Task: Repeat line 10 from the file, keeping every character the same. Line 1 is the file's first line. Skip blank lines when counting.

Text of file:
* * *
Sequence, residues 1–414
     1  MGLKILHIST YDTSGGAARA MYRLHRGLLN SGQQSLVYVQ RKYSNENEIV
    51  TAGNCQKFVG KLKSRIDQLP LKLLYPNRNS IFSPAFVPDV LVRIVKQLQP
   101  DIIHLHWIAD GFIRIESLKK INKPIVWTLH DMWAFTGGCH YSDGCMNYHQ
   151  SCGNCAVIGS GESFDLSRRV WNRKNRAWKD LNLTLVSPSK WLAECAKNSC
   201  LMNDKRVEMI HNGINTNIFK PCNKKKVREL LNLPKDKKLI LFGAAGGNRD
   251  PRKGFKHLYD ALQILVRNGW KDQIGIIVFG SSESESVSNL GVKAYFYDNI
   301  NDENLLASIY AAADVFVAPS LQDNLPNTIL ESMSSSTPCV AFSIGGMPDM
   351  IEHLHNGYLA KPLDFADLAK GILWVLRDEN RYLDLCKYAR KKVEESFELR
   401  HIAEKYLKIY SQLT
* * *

   401  HIAEKYLKIY SQLT